Doing my part to ensure that you get your full daily 34-gigabyte serving of "information" (and in the process, setting a record for the loosest use of that term):
- Good Luck With This, Guys - The Wall Street Journal reports that two book publishers are planning to withhold digital versions of some of their upcoming titles for four months so as not to "cannibalize" sales of the [vastly more expensive] hardcover editions. This is yet another example of dinosaurs railing against the impending meteor strike/ice age/mammalian ascendance. There are many reasons this strategy is doomed to failure, but the one question I'd like to pose is this: who decided in the first place (and on what basis) that a hard cover book is worth $27 or more?
- Stumped for Christmas shopping hints for the family geek? Look no further than the Star Wars® Light Saber chop sticks from ThinkGeek.
- While they don't disclose this, I'm pretty sure that by using the aforementioned chop sticks, you will be able - with the resulting channeling of The Force™ - to negate the alleged ill effects of The 7 foods experts won't eat.
- Here's the next bicycle I'd like to have: the Surly Pugsley. I'd own one simply for the name, but it also has the most excellent feature of accommodating 4" wide tires.
According to the review in the current issue of Mountain Bike Magazine (said review not available online), the tires - which, incidentally, cost more than $100 each - can be run at pressures as low as 6 psi, which makes them ideal for floating over the sandy conditions we have around here. The report doesn't say, however, how they'll stand up against mesquite thorns. The bike is described as being surprisingly nimble, despite its hefty appearance (think Warren Sapp on Dancing With The Stars).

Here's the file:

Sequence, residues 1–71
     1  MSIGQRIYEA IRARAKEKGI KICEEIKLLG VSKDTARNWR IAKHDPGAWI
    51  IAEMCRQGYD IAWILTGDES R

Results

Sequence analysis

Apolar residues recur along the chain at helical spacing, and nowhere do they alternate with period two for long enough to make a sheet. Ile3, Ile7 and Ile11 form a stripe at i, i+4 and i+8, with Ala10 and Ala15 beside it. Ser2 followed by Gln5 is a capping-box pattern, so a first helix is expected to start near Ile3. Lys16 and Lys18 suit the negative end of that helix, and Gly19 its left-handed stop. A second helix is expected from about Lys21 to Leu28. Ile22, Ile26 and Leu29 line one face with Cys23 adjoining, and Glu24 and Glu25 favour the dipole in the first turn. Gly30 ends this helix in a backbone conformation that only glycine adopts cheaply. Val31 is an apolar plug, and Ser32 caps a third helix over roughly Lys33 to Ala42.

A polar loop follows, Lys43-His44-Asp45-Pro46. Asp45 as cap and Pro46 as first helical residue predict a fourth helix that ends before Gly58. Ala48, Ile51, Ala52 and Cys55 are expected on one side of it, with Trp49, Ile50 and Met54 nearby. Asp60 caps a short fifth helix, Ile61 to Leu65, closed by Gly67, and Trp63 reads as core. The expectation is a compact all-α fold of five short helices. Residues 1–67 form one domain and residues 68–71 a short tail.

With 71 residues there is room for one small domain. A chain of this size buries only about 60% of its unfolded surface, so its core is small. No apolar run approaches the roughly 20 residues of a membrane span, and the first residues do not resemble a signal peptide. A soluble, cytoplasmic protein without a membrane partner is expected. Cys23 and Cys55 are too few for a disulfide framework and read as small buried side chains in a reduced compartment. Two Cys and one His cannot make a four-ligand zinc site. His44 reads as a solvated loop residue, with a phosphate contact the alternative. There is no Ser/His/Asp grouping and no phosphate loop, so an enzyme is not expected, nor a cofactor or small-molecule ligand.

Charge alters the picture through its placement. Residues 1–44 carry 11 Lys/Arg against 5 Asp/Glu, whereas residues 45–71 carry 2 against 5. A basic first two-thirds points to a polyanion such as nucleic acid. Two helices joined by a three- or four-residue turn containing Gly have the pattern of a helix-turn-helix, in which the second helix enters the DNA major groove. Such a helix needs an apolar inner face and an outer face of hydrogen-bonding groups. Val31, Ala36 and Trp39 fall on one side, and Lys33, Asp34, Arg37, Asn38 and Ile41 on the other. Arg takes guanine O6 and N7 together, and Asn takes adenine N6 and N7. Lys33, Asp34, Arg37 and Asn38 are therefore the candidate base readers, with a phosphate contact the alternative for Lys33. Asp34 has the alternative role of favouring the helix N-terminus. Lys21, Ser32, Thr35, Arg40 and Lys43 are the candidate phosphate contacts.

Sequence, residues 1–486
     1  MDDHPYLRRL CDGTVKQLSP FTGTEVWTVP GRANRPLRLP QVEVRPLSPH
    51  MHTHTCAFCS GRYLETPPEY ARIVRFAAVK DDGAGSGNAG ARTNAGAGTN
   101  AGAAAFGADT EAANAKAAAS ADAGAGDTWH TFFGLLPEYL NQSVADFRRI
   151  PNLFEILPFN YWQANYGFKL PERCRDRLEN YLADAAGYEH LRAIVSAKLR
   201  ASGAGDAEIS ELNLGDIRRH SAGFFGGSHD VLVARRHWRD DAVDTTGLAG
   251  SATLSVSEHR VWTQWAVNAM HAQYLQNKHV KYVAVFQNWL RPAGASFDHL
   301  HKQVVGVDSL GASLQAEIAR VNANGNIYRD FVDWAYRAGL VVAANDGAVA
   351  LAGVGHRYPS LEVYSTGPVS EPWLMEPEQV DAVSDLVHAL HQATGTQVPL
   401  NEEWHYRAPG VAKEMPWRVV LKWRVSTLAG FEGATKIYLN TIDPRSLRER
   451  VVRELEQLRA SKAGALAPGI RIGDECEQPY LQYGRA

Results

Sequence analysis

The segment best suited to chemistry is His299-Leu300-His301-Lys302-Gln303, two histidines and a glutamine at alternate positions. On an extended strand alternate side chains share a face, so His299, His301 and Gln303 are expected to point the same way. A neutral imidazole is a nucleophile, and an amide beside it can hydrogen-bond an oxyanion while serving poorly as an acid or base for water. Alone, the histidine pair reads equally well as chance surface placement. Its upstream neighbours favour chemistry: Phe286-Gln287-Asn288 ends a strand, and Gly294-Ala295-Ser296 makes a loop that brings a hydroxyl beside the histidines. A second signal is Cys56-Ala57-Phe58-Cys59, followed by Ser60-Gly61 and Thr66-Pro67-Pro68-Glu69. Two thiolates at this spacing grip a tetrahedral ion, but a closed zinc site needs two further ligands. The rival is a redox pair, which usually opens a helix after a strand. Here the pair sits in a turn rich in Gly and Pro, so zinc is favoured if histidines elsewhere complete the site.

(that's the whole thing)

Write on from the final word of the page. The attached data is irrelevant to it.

- We're all about the marriage of science and culture here at the Gazette, and in this regard we present you with the Evolution of the Hipster (2000-2009). This will be helpful to social scientists working in the field (think Audubon's field guide for a birder's Big Day).
- Finally, I have a bone to pick with the City of Midland's Transportation Department. Sure, the traffic light synchronization project has finally - finally - started to effect some improvements in traffic flow, notably along Big Spring Street (Garfield continues to be a mess, though). But it's now causing a new problem for me: I tend to arrive too early for appointments. After years of making schedule adjustments to account for the inevitable delays from stopping at multiple consecutive traffic lights, it's not easy to take that allowance out of my driving plans. I really think the City should be doing more to help drivers with this transition.